Marcellus is a village in Cass County, located in Marcellus Township to the northeast on US-40. The first settler in the Marcellus area was John Bair, who came in October 1832. He was followed almost a year later by Daniel Driskel, in 1833. In 1835, 11 other families settled in Marcellus, and by 1836, 28 families had settled there. At the time of the organization of the township the citizens wanted to call it Cambria; however, since there was already a township by that name in Michigan, their Representative at that time, Judge Littlejohn of Allegan, proposed they name it after Roman Emperor Flavius Marcellus. As a result, on June 16, 1843, the township was officially named Marcellus. Elections were held on the same night and Daniel G. Rouse was elected Township Supervisor, Guerdor R. Beebee was elected Treasurer, and Ephraim Huyatt was elected Clerk. In the winter of 1870–71 the Peninsular Railroad came through Marcellus, infusing life into the small township. The depot was originally on the east side of town; however, because the business district was far from the depot, the depot was moved in 1898. After this move, business began rapidly expanding and an addition was added to the station to meet the increased traffic demands. By 1911, ten passenger trains stopped at the depot every day. Marcellus became an official village in 1879, with over 500 residents. Three years later it had grown to include 2 churches, 3 dry goods stores, 3 groceries, 3 millinery shops, 2 drug stores, 2 meat markets, 2 hotels, 2 inns, shops, a bank, 2 stave factories, 2 harness shops, a hardware store, a furniture store, a restaurant, a printing business, a tailor shop, a cooper shop, a steam sawmill, a sash and blind manufacturer, 4 doctors, 2 lawyers, 2 justices of the peace, and a newspaper. During its height, Marcellus was also home to two theaters, a bowling alley, and a pool hall. Each year Marcellus still hosts the National Bluegill Frolic, a parade, fishing tournament, and beauty pageant that attracts thousands of tourists. Today, VFW Post #4054 in Marcellus has one of the area’s finest military museums. There are also several festivals for residents and tourists. Check out the Marcellus website for details.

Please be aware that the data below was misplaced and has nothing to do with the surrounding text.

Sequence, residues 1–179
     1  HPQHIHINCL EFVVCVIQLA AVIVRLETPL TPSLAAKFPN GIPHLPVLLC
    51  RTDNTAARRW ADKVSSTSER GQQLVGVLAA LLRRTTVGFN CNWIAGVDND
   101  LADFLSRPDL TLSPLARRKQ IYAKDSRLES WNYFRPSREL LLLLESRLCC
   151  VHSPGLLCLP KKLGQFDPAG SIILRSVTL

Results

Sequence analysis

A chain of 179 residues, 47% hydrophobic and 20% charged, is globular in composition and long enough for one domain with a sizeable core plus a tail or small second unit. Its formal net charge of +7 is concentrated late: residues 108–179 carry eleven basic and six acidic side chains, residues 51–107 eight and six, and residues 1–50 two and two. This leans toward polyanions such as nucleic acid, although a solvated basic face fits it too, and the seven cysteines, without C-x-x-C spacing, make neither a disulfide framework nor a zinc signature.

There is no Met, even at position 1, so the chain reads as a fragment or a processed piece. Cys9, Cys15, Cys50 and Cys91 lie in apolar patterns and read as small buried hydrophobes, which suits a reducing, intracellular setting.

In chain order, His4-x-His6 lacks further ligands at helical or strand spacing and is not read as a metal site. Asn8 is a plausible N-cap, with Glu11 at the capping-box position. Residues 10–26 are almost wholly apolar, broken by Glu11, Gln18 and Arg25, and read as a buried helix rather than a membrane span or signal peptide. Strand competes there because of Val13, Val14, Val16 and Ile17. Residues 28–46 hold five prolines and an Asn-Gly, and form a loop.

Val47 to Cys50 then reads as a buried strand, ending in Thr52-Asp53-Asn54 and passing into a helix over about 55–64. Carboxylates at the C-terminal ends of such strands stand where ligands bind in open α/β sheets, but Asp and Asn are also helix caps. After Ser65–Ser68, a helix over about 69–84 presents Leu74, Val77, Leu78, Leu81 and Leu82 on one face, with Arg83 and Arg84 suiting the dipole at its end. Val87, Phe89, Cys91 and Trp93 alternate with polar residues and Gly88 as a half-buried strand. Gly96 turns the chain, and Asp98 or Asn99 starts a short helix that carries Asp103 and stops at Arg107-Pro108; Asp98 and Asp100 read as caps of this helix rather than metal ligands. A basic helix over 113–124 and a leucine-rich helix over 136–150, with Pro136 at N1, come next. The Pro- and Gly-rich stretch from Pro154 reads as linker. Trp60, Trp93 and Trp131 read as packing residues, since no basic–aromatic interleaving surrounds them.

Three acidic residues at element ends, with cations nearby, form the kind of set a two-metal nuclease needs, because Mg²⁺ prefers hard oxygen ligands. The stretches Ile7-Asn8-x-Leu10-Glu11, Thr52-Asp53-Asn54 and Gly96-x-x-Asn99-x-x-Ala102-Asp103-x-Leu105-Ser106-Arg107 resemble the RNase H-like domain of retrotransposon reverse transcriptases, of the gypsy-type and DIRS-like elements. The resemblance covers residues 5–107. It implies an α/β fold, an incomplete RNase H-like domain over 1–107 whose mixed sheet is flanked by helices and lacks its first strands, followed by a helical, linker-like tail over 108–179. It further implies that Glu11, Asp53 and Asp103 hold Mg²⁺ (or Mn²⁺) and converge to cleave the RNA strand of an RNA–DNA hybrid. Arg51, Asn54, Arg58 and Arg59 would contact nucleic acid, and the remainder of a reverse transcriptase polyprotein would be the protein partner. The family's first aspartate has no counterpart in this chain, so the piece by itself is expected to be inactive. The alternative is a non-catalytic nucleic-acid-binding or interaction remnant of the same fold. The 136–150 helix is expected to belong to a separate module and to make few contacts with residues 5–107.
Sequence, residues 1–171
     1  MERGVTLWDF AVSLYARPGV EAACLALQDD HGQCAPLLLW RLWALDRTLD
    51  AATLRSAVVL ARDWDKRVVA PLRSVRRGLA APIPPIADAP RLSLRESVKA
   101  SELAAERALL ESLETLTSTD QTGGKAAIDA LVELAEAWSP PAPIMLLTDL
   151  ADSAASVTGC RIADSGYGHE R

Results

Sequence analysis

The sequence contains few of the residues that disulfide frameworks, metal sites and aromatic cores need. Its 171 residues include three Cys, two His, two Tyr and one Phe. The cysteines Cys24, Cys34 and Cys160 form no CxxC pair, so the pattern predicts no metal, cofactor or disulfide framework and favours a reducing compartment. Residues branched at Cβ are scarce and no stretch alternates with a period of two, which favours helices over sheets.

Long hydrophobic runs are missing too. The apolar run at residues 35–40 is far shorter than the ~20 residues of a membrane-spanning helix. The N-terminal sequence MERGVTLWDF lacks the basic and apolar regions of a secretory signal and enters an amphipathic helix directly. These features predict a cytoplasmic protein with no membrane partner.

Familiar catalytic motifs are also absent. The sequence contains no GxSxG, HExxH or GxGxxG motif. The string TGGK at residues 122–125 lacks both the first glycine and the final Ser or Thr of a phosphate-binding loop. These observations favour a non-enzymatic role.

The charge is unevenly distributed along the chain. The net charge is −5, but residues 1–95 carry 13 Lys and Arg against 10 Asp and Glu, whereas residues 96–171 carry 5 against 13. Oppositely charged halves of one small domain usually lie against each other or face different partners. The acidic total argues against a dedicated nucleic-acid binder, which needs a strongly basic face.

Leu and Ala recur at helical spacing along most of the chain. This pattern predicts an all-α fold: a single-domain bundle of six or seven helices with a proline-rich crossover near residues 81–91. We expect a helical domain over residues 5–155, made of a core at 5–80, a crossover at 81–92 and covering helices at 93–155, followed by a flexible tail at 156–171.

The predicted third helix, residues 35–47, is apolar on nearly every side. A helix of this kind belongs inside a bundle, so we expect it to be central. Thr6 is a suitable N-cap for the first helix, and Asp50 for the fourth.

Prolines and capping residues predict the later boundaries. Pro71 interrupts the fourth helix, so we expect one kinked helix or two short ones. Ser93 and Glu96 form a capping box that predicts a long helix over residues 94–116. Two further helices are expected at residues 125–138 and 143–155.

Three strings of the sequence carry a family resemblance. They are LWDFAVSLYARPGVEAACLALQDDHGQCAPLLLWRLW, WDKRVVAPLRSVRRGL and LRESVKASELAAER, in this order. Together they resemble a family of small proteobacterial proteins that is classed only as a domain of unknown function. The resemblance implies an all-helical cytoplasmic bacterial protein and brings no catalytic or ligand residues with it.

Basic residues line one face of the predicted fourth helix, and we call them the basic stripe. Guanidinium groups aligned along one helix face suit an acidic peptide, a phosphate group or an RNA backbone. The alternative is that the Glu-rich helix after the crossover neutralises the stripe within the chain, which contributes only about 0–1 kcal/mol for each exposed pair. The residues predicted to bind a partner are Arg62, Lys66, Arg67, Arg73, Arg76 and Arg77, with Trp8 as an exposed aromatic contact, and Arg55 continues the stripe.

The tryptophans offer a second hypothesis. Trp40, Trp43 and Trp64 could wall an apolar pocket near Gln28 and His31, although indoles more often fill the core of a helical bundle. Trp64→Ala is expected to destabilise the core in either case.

The Village of Vandalia occupies approximately one square mile of Penn Township in eastern central Cass County. The Village of Vandalia is approximately 11 miles north of the Indiana/Michigan State line. Michigan State Highway 60 runs east-west through downtown Vandalia. Vandalia has a rich history. In 1848-49, Stephen Bogue and Charles P. Ball built a gristmill on the settlement now known as Vandalia and in 1851 they laid out the area for development. Theron J. Wilcox became the colony’s first postmaster on July 8, 1850 and Ada Kinsbury is credited with being the area’s first merchant. The Michigan Central Railroad came through in 1871 and a station was built. The Village of Vandalia was formally incorporated in 1875. Near the village on the corner in the park on M-60 and Water Street is a historical marker calling attention to the nearby junction of two main line “underground railroads.” The “Illinois” line from St. Louis, and the “Quaker” line from the Ohio River, manned by Cass County Quakers, merged here and moved on going into Canada. Cass County was the scene of the Kentucky Slave Raid of 1847. Today that raid is depicted in a mural (shown above) on the side of the building at 158 S. Broadway St., Cassopolis, Michigan. – Directions